The Environmental Protection Agency has allowed a series of chemicals with known health concerns to be used in oil and gas drilling known as fracking, according to documents obtained by Marketplace. 

In Pennsylvania, for instance, residents filed 9,000 complaints about drilling pollution and well problems from 2004 to 2016.

A huge breakthrough in modern fracking came in 1997, courtesy of a stubborn, tenacious Texan named George Mitchell. After 17 years of trial and error, he and his team stirred up a secret recipe of water, chemicals and sand, shot it down a well, and lots of natural gas came back up. Mitchell has since passed away but his colleague Kent Bowker remembers the moment they cracked the code.

The auction house Christie’s is putting the last Leonardo Da Vinci painting in private hands up for sale. It's an ethereal image of Jesus called "Salvator Mundi," translated as "Savior of the World." The 500-year-old painting, which had to be heavily restored, could sell tonight for more than $100 million.

But according to art critic and New York Times contributor Blake Gopnik, this particular painting may be a Leonardo "in theory" only.  

(Markets Edition) Senate Republicans are looking to repeal Obamacare's mandate that people have to sign up for health insurance. We'll look at how much money they could stand to save by slashing it, and whether healthier people will still buy insurance. Afterwards, we'll chat with Susan Schmidt, senior portfolio manager for Westwood Holdings Group, about why there's been a back-to-back decline in stocks. Then to cap off today's show, we'll discuss how Mexico has been coping after two devastating earthquakes in September.

 

Regional banks shed some oversight to shave costs

Nov 15, 2017

To boost profits, some banks are focusing on core banking businesses and escaping Fed oversight.

Click the audio player above to hear the full story.

(U.S. Edition) Republicans are looking for ways to pay for the tax cuts they're proposing. One of them: repealing the Obamacare mandate that individuals have to buy insurance. We'll do the math on how that would work. Afterwards, we'll discuss how medium-sized banks are downsizing to escape the Federal Reserve as one of their regulators, and then talk with art critic Blake Gopnik about a Leonardo da Vinci painting that could sell for more than $100 million tonight.

Where does Silicon Valley's bro culture start? VC

Nov 15, 2017

This week, venture capitalist Steve Jurvetson of Draper Fisher Jurvetson, left that firm after allegations of inappropriate behavior and an internal investigation. The company said he left by mutual agreement; he has publicly denied any allegations against him and said on Twitter that he’ll pursue legal action against his accusers.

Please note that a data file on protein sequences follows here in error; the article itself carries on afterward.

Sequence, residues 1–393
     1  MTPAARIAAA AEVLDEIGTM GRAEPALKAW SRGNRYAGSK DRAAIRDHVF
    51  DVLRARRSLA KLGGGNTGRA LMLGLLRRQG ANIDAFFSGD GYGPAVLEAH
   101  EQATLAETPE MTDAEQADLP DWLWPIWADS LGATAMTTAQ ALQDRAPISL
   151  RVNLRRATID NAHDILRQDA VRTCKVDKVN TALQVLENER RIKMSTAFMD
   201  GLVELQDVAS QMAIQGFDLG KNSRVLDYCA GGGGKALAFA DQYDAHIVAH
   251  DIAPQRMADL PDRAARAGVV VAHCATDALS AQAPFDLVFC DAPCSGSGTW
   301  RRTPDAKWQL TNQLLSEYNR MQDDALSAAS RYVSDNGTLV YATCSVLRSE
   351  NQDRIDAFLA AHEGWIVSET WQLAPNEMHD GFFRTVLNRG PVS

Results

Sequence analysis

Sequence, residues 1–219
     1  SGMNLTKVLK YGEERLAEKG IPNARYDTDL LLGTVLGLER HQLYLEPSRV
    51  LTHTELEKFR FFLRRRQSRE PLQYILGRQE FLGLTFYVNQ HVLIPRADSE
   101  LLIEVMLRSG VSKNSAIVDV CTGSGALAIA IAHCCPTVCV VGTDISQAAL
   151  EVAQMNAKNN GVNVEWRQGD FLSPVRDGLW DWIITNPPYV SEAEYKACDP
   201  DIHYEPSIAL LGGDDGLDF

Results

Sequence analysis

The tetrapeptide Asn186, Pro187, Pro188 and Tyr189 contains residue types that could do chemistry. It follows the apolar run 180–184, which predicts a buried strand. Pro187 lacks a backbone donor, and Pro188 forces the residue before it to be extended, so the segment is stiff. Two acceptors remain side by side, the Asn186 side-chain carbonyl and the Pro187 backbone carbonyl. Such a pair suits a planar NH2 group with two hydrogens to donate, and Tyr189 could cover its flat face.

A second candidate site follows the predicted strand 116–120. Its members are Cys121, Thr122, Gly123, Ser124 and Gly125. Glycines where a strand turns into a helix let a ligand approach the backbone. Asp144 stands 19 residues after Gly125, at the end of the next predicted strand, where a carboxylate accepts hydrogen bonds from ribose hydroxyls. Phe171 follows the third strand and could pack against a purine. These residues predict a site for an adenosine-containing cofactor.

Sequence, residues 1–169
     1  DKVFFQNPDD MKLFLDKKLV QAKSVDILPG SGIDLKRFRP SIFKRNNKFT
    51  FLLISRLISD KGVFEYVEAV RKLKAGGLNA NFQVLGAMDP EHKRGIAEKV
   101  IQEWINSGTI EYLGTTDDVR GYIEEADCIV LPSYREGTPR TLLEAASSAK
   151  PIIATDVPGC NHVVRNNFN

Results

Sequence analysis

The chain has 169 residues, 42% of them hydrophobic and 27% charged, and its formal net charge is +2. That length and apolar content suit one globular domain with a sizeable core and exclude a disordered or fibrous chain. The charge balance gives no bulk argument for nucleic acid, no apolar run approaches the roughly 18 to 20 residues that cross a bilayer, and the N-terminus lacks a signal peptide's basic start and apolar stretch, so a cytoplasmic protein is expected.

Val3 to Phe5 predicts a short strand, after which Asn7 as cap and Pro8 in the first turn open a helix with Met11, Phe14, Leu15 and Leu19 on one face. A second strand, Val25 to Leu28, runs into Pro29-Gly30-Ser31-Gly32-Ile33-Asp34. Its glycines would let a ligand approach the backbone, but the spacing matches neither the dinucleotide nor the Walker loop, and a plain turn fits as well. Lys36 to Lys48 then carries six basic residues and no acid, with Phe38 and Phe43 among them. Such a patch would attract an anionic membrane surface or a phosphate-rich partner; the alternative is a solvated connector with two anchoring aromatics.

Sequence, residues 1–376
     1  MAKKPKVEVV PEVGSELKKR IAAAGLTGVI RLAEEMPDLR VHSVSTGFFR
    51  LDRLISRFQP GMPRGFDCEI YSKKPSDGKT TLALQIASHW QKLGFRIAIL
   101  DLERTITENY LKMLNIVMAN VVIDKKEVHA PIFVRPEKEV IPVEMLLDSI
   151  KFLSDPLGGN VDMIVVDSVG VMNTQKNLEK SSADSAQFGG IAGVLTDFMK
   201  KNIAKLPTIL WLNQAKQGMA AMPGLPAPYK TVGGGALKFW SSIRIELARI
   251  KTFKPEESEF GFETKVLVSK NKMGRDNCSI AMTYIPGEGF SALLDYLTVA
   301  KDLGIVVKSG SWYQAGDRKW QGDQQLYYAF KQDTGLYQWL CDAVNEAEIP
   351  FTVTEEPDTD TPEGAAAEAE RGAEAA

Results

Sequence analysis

The two massive earthquakes that devastated Mexico in September left thousands of people homeless and drove up food costs in many of the affected areas. Even before the disaster, many Mexicans were already struggling with rising food and fuel costs. The Mexican peso hit an all-time low this year, in part because of trade threats from President Donald Trump. And now the earthquakes have made it even harder for low-income Mexicans to make ends meet.

SJ-R

Sean Crawford talks with the State Journal-Register Business Editor Tim Landis.

The Source Code: Ellen Pao

Nov 15, 2017

In 2012, venture capitalist Ellen Pao sued well-known firm Kleiner Perkins Caufield & Byers for gender discrimination. She lost. But the fallout inspired women in the tech industry to come forward with their own stories. Pao and Marketplace Tech host Molly Wood spoke about the pervasive sexual harassment problem in venture capital, how that seeps into the very companies those firms fund and why it's going to take more than a few leaders stepping down to solve the problem. 

Listen to the whole unedited conversation here. 

11/15/2017: Ellen Pao and the bad apples of venture

Nov 15, 2017

This week, venture capitalist Steve Jurvetson of Draper Fisher Jurvetson left that firm following allegations of inappropriate behavior and an internal investigation. The company said he left by mutual agreement. Ellen Pao is a venture capitalist who sued another well-known firm, Kleiner Perkins Caufield and Byers, for gender discrimination in 2012. She lost the case, but it inspired other women to come forward. Marketplace Tech’s Molly Wood talked with Pao about how her public battle shined a light on venture capital’s culture.

Why discrimination in venture capital runs deep

Nov 15, 2017

This week, venture capitalist Steve Jurvetson left his own firm, Draper Fisher Jurvetson, amid allegations of inappropriate conduct that led to an internal investigation. The company said he left by mutual agreement.

(Global Edition) From the BBC World Service … Ninety-three-year-old Robert Mugabe has ruled Zimbabwe for 37 years, but now South Africa's president has confirmed he is under house arrest. We chart the country's economic decline under Mugabe, and ask what his removal from power could mean for the country's future. Afterwards, figures out today from the U.N. show opium poppy cultivation in Afghanistan is up 40 percent. We hear from Afghanistan about the thousands of young children addicted to the drug.

11/14/2017: Forget it Jake, it’s Washington

Nov 14, 2017

It’s a tax bill! It’s a healthcare bill! It’s a tax bill! It’s a healthcare bill? Just when we were beginning to fully grasp the Senate’s tax bill, Republicans throw in a repeal of the individual health care mandate. And, trade deficits: the president tweeted that he wants them erased — quickly — but why? Economists talk about ways to bring them down, and we have a report on the oil and gas industry, where one trade deficit could become a surplus. Plus, the bipartisan deal in the works to ease banking regulations, and the health risks of fracking.

The powerful hold of Silicon Valley's venture capital priesthood

Nov 14, 2017

Yesterday one of the most prominent venture capital firms in Silicon Valley had a name partner, Steve Jurvetson, resign amid a sexual harassment investigation. Silicon Valley doesn't exactly have a stellar reputation when it comes to gender issues, and it joins the list of industries under scrutiny in the wake of sexual misconduct allegations against Harvey Weinstein. Marketplace host Kai Ryssdal spoke with Molly Wood, host of Marketplace Tech, about the importance of venture capital in the tech ecosystem and how that affects startups run by women.

The Senate tax bill has a health care throwback

Nov 14, 2017

Senate Republicans are working on a tax bill, and today Kentucky Sen. Rand Paul formally proposed an amendment that would get rid of the Affordable Care Act's individual health insurance mandate. Sarah Kliff is the senior policy correspondent at Vox and the host of the new podcast "The Impact." Marketplace host Kai Ryssdal called her up to do a little tax bill unpacking. The following is an edited transcript of their conversation.